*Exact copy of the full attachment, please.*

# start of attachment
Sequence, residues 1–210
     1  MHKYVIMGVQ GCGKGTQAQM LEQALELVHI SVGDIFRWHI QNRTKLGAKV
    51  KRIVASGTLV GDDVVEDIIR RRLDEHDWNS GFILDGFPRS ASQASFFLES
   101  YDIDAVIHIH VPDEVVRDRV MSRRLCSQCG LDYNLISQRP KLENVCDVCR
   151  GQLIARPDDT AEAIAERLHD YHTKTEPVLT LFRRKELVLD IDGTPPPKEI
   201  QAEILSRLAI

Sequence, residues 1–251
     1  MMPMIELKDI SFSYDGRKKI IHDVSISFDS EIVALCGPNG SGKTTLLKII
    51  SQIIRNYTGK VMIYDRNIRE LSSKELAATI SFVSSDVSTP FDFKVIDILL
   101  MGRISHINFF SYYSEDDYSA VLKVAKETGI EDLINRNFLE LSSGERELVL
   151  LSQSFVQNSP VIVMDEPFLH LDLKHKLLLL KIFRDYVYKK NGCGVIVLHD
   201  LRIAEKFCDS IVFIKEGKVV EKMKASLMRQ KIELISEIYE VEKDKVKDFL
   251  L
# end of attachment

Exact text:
Sequence, residues 1–210
     1  MHKYVIMGVQ GCGKGTQAQM LEQALELVHI SVGDIFRWHI QNRTKLGAKV
    51  KRIVASGTLV GDDVVEDIIR RRLDEHDWNS GFILDGFPRS ASQASFFLES
   101  YDIDAVIHIH VPDEVVRDRV MSRRLCSQCG LDYNLISQRP KLENVCDVCR
   151  GQLIARPDDT AEAIAERLHD YHTKTEPVLT LFRRKELVLD IDGTPPPKEI
   201  QAEILSRLAI

Sequence, residues 1–251
     1  MMPMIELKDI SFSYDGRKKI IHDVSISFDS EIVALCGPNG SGKTTLLKII
    51  SQIIRNYTGK VMIYDRNIRE LSSKELAATI SFVSSDVSTP FDFKVIDILL
   101  MGRISHINFF SYYSEDDYSA VLKVAKETGI EDLINRNFLE LSSGERELVL
   151  LSQSFVQNSP VIVMDEPFLH LDLKHKLLLL KIFRDYVYKK NGCGVIVLHD
   201  LRIAEKFCDS IVFIKEGKVV EKMKASLMRQ KIELISEIYE VEKDKVKDFL
   251  L